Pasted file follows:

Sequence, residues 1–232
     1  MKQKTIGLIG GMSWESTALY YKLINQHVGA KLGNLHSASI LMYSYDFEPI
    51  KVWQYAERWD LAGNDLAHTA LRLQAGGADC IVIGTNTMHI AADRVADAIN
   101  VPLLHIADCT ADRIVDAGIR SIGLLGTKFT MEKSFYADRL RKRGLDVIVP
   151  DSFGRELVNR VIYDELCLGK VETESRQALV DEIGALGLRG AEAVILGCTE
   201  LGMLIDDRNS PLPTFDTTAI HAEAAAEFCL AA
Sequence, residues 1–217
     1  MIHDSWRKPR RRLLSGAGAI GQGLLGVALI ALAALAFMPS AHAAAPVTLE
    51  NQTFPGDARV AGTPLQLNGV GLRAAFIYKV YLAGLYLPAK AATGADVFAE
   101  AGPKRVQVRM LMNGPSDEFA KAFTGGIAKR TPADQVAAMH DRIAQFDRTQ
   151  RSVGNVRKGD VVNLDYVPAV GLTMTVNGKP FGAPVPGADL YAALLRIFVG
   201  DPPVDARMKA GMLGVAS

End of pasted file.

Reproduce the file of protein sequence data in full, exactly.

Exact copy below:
Sequence, residues 1–232
     1  MKQKTIGLIG GMSWESTALY YKLINQHVGA KLGNLHSASI LMYSYDFEPI
    51  KVWQYAERWD LAGNDLAHTA LRLQAGGADC IVIGTNTMHI AADRVADAIN
   101  VPLLHIADCT ADRIVDAGIR SIGLLGTKFT MEKSFYADRL RKRGLDVIVP
   151  DSFGRELVNR VIYDELCLGK VETESRQALV DEIGALGLRG AEAVILGCTE
   201  LGMLIDDRNS PLPTFDTTAI HAEAAAEFCL AA
Sequence, residues 1–217
     1  MIHDSWRKPR RRLLSGAGAI GQGLLGVALI ALAALAFMPS AHAAAPVTLE
    51  NQTFPGDARV AGTPLQLNGV GLRAAFIYKV YLAGLYLPAK AATGADVFAE
   101  AGPKRVQVRM LMNGPSDEFA KAFTGGIAKR TPADQVAAMH DRIAQFDRTQ
   151  RSVGNVRKGD VVNLDYVPAV GLTMTVNGKP FGAPVPGADL YAALLRIFVG
   201  DPPVDARMKA GMLGVAS